Supreme Court replaces Frye with Daubert in evidence rules
On its own authority, the Florida Supreme Court has revisited and reversed its 2017 opinion and approved using the “Daubert” standard in the procedural evidence rules to qualify expert testimony and witnesses in trials.
The May 23 opinion overturned the 2017 opinion which had declined to procedurally adopt the Legislature’s 2013 law making Daubert part of the state’s evidence code (F.S. Chap. 90).
In a separate case in controversy last year (DeLisle v. Crane Co., 258 So. 3d 1221 (Fla. 2018)), the court specifically rejected the Daubert standard and reaffirmed that Florida would continue to follow the “Frye” standard on expert testimony as it has used for decades.
The 5-2 per curiam opinion produced a dissent from Justice Robert Luck, who said the court failed to follow its own rules and procedures in reversing the 2017 opinion without asking for any outside input. Justice Jorge Labarga, part of the 2017 majority, also dissented saying he consider Frye the superior standard for qualifying expert testimony.
“Because of the extensive briefing and arguments on this issue previously made to the Court, and mindful of the resources of parties, members of The Florida Bar, and the judiciary, we revisit the outcome of the recommendation on the Daubert amendments without requiring the [rule amendment] process to be repeated,” the majority opinion said.
The opinion also said the court under Art. V, Sect. 2(a), of the Constitution has the “exclusive rulemaking authority” to make the change and that it was also following the “longstanding practice of adopting provisions of the Florida Evidence Code as they are enacted or amended by the Legislature.. . . ”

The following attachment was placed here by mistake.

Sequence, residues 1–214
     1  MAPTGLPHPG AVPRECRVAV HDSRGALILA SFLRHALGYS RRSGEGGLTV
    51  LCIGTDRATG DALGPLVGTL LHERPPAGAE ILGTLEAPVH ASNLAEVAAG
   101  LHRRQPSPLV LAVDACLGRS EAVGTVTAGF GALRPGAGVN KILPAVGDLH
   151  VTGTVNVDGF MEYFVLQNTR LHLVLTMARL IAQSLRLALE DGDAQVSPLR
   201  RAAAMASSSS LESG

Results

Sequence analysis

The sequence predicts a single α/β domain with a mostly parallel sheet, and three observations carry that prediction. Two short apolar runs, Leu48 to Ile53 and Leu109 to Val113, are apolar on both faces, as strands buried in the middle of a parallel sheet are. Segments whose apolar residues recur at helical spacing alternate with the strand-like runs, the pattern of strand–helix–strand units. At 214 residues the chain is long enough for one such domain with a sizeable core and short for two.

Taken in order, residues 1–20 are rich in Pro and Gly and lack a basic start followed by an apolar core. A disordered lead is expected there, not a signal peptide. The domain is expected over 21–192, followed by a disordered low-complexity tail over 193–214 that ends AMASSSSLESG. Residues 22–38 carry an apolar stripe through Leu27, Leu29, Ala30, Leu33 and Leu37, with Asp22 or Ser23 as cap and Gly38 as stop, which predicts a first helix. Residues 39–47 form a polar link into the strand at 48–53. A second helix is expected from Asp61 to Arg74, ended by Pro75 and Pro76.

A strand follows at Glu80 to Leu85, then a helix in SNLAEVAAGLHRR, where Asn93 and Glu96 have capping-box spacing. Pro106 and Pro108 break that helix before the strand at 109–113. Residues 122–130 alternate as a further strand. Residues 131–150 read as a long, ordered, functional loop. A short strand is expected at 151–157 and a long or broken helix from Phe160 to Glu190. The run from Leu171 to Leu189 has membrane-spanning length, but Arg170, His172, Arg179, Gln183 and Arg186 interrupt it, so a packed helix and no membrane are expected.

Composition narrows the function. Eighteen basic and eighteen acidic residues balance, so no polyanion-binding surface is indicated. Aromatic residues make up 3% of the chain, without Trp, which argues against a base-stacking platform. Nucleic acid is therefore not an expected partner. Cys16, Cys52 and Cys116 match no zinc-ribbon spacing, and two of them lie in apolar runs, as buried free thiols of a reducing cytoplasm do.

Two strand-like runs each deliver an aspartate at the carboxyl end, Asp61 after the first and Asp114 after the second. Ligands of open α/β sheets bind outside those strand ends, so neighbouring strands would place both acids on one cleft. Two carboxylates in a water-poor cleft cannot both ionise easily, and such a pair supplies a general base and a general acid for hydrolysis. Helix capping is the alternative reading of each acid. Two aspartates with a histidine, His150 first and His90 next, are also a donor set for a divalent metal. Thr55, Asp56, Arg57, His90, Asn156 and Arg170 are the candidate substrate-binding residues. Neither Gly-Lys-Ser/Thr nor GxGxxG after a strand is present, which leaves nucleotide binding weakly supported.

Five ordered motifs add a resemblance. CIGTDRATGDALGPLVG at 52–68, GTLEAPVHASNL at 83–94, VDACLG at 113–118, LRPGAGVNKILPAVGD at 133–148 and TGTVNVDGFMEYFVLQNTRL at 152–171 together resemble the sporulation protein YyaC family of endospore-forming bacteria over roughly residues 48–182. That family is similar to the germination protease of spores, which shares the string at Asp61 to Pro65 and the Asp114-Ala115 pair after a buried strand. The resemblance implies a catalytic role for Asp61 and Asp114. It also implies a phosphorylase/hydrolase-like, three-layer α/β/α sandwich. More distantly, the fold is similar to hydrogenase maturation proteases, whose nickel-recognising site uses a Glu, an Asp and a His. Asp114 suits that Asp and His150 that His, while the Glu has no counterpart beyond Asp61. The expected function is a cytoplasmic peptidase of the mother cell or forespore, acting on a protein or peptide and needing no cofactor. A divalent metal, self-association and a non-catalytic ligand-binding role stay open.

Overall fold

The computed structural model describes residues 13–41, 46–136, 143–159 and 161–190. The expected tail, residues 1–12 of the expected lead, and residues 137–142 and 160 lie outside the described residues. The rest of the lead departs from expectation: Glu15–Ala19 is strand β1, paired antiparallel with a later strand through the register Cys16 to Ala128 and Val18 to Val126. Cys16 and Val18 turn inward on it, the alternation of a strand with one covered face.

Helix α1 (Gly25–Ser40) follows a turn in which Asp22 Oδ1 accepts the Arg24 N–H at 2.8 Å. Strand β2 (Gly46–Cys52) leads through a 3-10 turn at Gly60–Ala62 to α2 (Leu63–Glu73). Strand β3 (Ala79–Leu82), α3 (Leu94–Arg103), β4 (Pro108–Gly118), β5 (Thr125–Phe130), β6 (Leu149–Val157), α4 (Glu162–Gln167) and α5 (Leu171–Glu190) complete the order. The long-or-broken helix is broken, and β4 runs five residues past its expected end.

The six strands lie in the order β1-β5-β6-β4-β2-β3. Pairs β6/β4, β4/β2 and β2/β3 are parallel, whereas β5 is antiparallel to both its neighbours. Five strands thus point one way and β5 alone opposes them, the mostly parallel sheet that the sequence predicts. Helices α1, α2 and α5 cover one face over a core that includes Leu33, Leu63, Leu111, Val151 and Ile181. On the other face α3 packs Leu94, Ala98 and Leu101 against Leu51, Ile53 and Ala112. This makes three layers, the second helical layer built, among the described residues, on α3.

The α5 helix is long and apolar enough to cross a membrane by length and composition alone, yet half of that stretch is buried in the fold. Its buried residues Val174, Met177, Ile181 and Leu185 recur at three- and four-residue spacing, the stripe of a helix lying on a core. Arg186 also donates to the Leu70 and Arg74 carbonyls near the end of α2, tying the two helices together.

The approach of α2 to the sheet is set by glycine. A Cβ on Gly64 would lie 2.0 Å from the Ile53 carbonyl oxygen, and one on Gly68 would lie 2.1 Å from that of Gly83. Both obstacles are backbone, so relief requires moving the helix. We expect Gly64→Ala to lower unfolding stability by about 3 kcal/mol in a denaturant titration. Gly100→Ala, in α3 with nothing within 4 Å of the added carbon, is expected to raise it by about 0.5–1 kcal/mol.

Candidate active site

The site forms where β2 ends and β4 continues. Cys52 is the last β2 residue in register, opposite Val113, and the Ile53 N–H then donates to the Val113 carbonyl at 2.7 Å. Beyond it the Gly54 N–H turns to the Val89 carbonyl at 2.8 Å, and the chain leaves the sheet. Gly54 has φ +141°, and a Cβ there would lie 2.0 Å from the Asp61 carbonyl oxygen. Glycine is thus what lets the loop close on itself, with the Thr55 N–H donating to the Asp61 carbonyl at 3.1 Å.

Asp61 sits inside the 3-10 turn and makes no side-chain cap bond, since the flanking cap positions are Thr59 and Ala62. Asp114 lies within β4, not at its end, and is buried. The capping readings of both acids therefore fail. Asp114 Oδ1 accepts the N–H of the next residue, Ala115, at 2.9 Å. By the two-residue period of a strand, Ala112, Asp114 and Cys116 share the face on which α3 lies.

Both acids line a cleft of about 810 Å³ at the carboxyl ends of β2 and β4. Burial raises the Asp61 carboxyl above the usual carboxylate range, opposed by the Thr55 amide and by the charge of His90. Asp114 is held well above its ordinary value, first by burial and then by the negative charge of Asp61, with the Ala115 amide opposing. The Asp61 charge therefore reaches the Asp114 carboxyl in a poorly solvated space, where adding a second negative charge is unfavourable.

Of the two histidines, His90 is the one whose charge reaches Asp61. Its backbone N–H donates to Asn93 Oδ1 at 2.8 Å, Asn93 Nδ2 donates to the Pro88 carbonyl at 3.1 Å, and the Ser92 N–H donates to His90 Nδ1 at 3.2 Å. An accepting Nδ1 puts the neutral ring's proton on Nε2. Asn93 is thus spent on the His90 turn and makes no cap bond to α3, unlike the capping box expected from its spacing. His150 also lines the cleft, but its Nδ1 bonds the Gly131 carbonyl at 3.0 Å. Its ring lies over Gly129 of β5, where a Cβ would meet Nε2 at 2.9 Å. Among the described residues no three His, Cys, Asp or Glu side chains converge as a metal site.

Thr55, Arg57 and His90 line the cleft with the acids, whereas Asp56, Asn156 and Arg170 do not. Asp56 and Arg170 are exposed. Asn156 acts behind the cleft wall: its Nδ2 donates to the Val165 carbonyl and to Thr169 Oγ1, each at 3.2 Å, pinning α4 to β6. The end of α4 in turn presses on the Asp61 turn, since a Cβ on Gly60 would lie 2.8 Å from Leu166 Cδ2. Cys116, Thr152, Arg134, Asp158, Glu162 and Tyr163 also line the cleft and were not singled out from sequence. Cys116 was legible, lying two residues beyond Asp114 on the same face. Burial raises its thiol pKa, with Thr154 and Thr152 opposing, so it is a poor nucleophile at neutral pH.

The majority cited Justice Ricky Polston’s separate opinion in the 2017 rules case that the “‘grave constitutional concerns’ raised by those who opposed the [2013 legislative] amendments to the Code appear unfounded.”
It also noted the U.S. Supreme Court’s 1993 decision that established the Daubert standard for federal courts: “[T]he Daubert amendments remedy deficiencies of the Frye standard. Whereas the Frye standard only applied to expert testimony based on new or novel scientific techniques and general acceptance, Daubert provides that ‘the trial judge must ensure that any and all scientific testimony or evidence admitted is not only relevant, but reliable.’”
In 2017, the majority noted that its declining to adopt the Daubert standard was only procedural and constitutional issues would have to await a case in controversy. The court got that case in 2018 with DeLisle and the same 4-3 majority as in the rules case held that the Frye standard would be retained in Florida.
In the new case, the majority said, “[W]e do not decide, in this rules case, the constitutional or other substantive concerns that have been raised about the amendments. Those issues must be left for a proper case or controversy.”